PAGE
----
$1.4M For App Teaching Kids About Credit Through Chores, Backed By Dwyane Wade
Investors include Nueterra Capital, Plain Sight Capital, Fuerza Ventures, Verve Capital, and former pro athletes Dwyane Wade and Baron Davis.
“I was drawn to what Evan and team are working on with Kiddie Kredit. It’s important to give kids a head start and especially on the topic of credit,” said Dwyane Wade, according to Refresh Miami.
teaching credit through chores
The mobile app teaches kids aged 4 to 12 the basics of credit in a fun, gamified way by assigning tasks and chores that earn them points towards their kredit score.
Evan Leaphart journey through college, apartment hunting, unemployment, and business ups and downs showed him how much a credit score can impact life’s options. After rebuilding his own credit, he decided to teach kids in South Florida financial basics, including the credit system.
Kiddie Kredit is an extension of this work, and reportedly, the app has been used by more than 12,000 families since its launch in 2019.
Monetizing through partnerships
Although the Kiddie Kredit app does not monetize directly through families, it has partnered with Equifax to add advertising of the Equifax Family Plan to the parent side of the app. Partner organizations can also interact directly with the app, adding activities and rewards, and sending push notifications to parents.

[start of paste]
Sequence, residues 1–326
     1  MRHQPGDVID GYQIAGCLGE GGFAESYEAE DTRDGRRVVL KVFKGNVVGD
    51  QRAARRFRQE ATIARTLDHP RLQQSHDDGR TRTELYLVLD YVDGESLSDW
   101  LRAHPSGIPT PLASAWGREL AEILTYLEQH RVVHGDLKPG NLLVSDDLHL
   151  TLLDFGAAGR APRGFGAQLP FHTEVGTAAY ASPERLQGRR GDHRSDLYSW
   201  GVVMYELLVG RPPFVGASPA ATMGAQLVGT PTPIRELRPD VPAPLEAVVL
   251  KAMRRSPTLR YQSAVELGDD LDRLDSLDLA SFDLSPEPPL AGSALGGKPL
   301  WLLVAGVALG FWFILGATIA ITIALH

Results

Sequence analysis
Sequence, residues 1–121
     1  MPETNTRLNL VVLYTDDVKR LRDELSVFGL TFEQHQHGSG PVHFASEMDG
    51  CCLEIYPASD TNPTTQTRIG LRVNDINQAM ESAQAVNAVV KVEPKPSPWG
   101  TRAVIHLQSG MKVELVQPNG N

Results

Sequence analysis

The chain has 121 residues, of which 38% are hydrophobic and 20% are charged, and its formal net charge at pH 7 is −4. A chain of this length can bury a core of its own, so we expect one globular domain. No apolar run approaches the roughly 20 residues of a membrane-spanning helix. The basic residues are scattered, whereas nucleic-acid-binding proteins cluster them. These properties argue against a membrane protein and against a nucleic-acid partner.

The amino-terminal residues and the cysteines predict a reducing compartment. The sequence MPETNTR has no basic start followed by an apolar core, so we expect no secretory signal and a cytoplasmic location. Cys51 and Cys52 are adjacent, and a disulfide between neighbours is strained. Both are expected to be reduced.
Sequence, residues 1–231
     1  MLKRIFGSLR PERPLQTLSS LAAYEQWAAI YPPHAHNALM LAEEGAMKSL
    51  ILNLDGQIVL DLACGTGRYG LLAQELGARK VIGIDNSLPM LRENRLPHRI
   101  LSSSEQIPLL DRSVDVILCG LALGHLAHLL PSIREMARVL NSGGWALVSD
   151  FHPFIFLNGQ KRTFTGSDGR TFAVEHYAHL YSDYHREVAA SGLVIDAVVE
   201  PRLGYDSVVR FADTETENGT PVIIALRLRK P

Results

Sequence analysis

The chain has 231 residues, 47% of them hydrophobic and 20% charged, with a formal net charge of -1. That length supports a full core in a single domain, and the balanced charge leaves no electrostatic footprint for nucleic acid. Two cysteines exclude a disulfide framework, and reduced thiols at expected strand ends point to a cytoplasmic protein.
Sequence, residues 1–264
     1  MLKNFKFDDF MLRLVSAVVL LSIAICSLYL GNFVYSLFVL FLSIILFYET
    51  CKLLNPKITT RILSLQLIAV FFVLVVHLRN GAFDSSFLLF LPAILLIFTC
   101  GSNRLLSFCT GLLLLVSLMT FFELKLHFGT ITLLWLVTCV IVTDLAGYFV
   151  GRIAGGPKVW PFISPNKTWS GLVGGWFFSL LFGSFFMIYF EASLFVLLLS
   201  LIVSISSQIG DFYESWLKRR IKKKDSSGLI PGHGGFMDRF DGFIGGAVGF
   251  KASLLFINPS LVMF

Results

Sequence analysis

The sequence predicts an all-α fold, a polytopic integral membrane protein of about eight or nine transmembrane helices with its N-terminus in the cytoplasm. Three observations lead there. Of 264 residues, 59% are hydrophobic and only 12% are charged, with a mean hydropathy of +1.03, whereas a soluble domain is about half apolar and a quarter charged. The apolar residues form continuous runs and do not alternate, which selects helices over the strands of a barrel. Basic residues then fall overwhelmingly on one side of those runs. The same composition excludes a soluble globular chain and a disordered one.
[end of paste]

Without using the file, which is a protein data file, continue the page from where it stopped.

“Most importantly, organizations can unlock for families this entire financial literacy journey of over 250 hours of content that meets multiple National Financial Literacy Standards,” Leaphart told Refresh Miami.
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Kiddie Kredit previously participated in Amazon’s Black Founders Build with Alexa cohort 2022, Google for Startups’ Black Founders Fund 2022, and EndeavorLAB cohort 2021.
The app began generating revenues in 2021, growing 150% between 2021 and 2022, all organically with no marketing budget.
Growing with Gen Alpha
Kiddie Kredit is currently exploring how it can expand into the teen space, such as incorporating a follow-on true credit product for its growing userbase.
“We want to own the space of Generation Alpha. What we want to be is the domain experts within that space,” Leaphart said.
“We’re with them on that journey.”